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Appl Environ Microbiol. 1998 May;64(5):1736-42.

A mixed culture recovery method indicates that enteric bacteria do not enter the viable but nonculturable state.

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  • 1Agricultural Sector, Monsanto Company, Chesterfield, Missouri 63198, USA.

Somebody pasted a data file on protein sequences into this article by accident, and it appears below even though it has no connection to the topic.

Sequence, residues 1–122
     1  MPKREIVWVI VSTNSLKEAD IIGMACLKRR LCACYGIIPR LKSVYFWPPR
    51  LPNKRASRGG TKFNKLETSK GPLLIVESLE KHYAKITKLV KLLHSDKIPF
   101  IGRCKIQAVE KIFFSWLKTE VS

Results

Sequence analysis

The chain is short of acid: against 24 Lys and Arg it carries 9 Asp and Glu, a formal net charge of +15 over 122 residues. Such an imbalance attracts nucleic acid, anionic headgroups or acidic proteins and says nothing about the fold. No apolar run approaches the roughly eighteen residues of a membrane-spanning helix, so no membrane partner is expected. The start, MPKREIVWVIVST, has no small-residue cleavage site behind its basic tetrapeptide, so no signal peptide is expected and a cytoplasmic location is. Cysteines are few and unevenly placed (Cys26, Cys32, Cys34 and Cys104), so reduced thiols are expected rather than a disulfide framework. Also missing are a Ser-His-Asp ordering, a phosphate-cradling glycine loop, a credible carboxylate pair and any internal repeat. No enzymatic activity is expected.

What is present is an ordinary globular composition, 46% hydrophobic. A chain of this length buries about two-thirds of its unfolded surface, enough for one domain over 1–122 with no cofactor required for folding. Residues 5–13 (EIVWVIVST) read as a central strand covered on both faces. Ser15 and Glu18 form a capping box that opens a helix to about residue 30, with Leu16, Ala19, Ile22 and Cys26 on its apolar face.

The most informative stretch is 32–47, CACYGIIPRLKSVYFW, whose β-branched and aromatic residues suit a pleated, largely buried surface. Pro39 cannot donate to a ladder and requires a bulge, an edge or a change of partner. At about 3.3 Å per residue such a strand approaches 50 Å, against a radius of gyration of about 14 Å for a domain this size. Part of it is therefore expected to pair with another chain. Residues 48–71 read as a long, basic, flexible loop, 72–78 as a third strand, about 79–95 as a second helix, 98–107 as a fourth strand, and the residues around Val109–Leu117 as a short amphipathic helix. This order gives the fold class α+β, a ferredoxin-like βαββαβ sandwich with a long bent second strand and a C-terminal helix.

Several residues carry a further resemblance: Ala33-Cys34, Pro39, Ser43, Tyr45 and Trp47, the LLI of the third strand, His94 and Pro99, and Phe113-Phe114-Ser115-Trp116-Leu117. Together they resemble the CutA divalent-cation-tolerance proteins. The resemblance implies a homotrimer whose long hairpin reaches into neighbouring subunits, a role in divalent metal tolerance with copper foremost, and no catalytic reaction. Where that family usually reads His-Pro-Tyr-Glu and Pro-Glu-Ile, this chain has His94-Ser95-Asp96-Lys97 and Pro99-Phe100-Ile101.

A new method, called the mixed culture recovery (MCR) method, has been developed to determine whether recovery of culturable bacterial cells from a population of largely nonculturable cells is due to resuscitation of the nonculturable cells from a viable but nonculturable state or simply to growth of residual culturable cells. The MCR method addresses this issue in that it involves the mixing of two easily distinguishable strains (e.g., lactose positive and negative) in such a way that large numbers of nonculturable cells of both strains are present together with a small number of culturable cells of only one strain, performing a nutrient addition resuscitation procedure, and then plating the cells to determine whether both cell types are recoverable. In repeated experiments with strains of Escherichia coli, Klebsiella pneumoniae, Enterococcus faecalis, Enterobacter aerogenes, and Salmonella choleraesuis, only cells of the culturable strain were recovered after application of various resuscitation techniques. These results suggest that the nonculturable cells were dead and that the apparent resuscitation was merely due to the growth of the remaining culturable cells.

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